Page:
This chapter describes the disease prameha (group of obstinate urinary disorders including diabetes) as well as its etiopathogenesis, types, clinical features, prognosis, prodromal symptoms, complications, and a line of treatment. Though it is predominantly a kapha dosha disorder, there are variants involving all three doshas and ten dushya (body tissues and other elements). Excessive and turbid urination are the cardinal signs of all prameha. All those urinary and systemic diseases that cause copious quantities, as well as the abnormal (including turbid) quality of urination, come under the umbrella of prameha. This chapter briefly explains the importance of interaction of exogenous factors, endogenous and tissue response factors in the manifestation of the disease. The concept of genetic susceptibility to disease and effect of chronic disease on genes is also incorporated in this chapter.
Chapter 5. Diagnosis and etiopathogenesis of Skin diseases – Kushtha Nidana
This chapter deals with diagnosis of skin disease termed as Kushtha. The disease has variable manifestations on skin depending upon degree of involvement of three vitiated dosha and their effect on four vitiated factors i.e. rasa, rakta, mamsa and lasika (lymphatic system). On the basis of clinical manifestations and severity, kushtha is classified into seven major types, eleven minor types or innumerable types due to the permutation and combination of dosha predominance and involvement of particular quality of a dhatu and accretion of dosha at different sites. The etiopathology, prodromal symptoms (purvarupa), symptomatology of seven major types of kushtha (maha-kushtha), their dosha predominance, prognosis, complications and significance of early treatment are described in this chapter.
Chapter 6. Diagnosis and etiopatheogenesis of Progressive wasting disease- Shosha Nidana
This chapter describes the basics of etiopathogenesis of progressive wasting disease termed as shosha roga and its culmination in rajayakshma vis-à-vis pulmonary tuberculosis. Shosha is characterized by severe depletion of tissues (also called phthisis) which could be a precursor of tuberculosis as known today which occurs due to tubercular infection, phthisis and immune-compromised state. Over exertion (sahasa), suppression of natural urges (vegavidharana), pre-existing emaciation (kshaya), and wrong dietary habits (vishamashana) are the four primary causes of shosha. These four basic factors lead to progressive loss of strength (including immunity), vitiating the three doshas and culminating in rajayakshma, a major organic disease that seems to be similar to various similar progressively wasting diseases presenting characteristically with signs and symptoms of Pulmonary Tuberculosis as seen today and has been described in great clinical and therapeutic detail in Rajayakshma Chikitsa .
Chapter 7. Diagnosis and etiopathogenesis of psychosis disorders – Unmada Nidana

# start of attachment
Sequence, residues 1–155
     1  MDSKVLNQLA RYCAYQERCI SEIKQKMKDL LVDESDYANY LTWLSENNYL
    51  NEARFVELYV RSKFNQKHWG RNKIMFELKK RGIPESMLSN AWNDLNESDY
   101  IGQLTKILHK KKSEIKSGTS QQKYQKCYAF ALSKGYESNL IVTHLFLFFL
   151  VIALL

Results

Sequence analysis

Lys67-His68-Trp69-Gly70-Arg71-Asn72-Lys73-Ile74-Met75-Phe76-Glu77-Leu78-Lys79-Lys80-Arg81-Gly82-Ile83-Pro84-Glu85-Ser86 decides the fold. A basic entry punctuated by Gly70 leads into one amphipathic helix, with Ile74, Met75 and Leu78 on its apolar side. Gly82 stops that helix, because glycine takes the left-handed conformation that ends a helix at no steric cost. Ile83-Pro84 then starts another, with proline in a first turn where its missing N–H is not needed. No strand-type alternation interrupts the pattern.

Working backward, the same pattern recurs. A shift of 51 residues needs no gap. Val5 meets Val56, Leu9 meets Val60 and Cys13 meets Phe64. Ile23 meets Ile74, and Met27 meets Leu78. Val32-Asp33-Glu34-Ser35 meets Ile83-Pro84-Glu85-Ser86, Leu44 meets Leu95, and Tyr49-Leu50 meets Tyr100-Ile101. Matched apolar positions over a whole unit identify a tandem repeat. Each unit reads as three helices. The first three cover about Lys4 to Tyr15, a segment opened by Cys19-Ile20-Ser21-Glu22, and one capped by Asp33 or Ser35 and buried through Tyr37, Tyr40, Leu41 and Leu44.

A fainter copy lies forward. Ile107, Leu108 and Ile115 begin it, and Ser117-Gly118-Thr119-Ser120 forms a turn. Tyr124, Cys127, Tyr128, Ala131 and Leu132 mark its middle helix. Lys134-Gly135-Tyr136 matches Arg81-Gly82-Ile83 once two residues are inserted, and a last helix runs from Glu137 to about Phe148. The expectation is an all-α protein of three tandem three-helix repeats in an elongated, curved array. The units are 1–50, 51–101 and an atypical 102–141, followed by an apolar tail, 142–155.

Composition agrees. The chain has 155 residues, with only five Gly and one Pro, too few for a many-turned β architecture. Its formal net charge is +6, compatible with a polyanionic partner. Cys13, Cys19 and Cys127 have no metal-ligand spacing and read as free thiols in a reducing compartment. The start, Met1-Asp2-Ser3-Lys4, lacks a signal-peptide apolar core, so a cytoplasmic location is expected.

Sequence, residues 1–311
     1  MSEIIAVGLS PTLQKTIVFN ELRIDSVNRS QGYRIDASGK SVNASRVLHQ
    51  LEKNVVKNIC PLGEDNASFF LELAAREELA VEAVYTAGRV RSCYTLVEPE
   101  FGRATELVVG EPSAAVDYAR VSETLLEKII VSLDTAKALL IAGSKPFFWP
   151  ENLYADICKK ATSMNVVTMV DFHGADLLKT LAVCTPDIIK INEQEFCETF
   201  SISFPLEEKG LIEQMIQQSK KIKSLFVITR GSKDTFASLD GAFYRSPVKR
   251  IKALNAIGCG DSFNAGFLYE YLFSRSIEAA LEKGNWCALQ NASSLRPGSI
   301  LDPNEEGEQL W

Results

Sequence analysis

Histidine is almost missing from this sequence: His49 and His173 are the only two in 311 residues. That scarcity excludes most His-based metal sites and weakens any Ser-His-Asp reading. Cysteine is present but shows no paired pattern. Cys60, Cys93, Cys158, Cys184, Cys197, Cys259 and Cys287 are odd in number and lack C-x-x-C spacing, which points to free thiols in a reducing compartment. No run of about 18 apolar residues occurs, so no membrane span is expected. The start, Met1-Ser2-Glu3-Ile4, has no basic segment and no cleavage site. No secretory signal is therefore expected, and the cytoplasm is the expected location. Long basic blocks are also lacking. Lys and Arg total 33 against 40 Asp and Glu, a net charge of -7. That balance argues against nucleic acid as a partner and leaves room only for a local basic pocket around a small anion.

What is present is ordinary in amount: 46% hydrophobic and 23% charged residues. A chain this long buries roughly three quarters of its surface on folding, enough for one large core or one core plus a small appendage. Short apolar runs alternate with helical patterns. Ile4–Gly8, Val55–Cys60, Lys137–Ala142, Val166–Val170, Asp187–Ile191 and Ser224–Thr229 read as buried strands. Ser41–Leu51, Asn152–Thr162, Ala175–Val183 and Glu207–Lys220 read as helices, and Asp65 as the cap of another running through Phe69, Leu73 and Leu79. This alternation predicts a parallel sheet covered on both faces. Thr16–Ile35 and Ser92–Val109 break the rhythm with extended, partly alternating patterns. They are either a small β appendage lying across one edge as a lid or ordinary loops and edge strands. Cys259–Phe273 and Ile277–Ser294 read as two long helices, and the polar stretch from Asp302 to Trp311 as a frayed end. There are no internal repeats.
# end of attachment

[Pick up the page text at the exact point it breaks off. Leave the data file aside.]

This chapter describes the detailed etiopathogenesis and types of a large class of major mental disorders or psychoses named as Unmada. The word Unmada, literally means frenzy, madness or mental derangement. Unmada is characterized by a disordered mental state in the faculties of mind and intellect. This leads to perverted presentation of thought processes, decision making, intellectual functioning, orientation and responsiveness, memory, desires, habits, character, psychomotor activity, conduct and behaviour. The clinical diagnosis of unmada, its etiology, psychopathogenesis, and prodromal features have been elaborately described in this chapter.
Chapter 8. Diagnosis and etiopathogenesis of seizure disorders- Apasmara Nidana
This chapter deals with another psychiatric disorder leading to transient loss of consciousness termed as Apasmara. It describes causative factors, predisposing conditions, pathogenesis, signs, types, and prognosis of apasmara. The clinical presentation of this disease simulates the seizure disorders described in conventional medical literature. Apasmara is a common neuropsychiatric disorder characterized by intermittent loss of consciousness, memory, abnormal movements and blackouts. This chapter explores the basic principles of psychiatric disorders involving memory, mind, consciousness and intellect. These disorders are marked by major pathological obstacles in perception, impaired intellectual functioning, orientation, co-ordination and consciousness. Their management includes avoidance of etiological factors as well as pharmacological and non-pharmacological treatment (including psychological and spiritual therapies). The basic principles described in the present chapter can be helpful in preventing and managing neuro-psychiatric disorders like apasmara in a better way. This chapter also deals with some important aspects of diagnosis. It explains how one disease can trigger another disease i.e. Nidanarthakara roga, leading to the presence of two or more diseases at the same time. This chapter lays down some principles of diagnosis to manage such conditions as well.